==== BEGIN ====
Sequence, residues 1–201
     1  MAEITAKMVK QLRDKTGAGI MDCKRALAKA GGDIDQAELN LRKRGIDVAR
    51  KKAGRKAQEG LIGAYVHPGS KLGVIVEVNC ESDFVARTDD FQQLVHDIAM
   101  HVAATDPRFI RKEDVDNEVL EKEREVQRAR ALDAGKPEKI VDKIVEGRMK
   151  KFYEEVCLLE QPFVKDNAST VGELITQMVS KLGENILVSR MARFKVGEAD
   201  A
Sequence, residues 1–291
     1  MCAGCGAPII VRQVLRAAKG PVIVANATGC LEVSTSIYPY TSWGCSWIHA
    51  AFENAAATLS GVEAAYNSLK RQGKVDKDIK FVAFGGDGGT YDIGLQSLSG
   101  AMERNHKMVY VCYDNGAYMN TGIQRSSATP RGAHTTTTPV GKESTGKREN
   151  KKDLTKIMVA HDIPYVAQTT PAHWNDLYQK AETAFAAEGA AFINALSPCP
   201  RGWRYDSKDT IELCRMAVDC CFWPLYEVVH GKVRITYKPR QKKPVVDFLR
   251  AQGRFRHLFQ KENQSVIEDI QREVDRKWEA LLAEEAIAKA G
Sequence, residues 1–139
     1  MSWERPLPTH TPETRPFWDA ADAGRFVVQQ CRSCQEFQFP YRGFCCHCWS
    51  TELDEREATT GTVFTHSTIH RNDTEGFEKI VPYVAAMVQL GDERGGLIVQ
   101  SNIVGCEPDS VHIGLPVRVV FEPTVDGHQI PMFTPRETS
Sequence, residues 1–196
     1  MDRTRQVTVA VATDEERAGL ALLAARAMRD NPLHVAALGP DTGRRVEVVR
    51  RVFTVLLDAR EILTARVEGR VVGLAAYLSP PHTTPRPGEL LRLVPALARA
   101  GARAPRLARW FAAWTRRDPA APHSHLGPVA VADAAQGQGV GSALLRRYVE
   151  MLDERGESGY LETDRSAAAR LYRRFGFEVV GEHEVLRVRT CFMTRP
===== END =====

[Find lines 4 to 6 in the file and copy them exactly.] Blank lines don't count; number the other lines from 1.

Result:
   101  HVAATDPRFI RKEDVDNEVL EKEREVQRAR ALDAGKPEKI VDKIVEGRMK
   151  KFYEEVCLLE QPFVKDNAST VGELITQMVS KLGENILVSR MARFKVGEAD
   201  A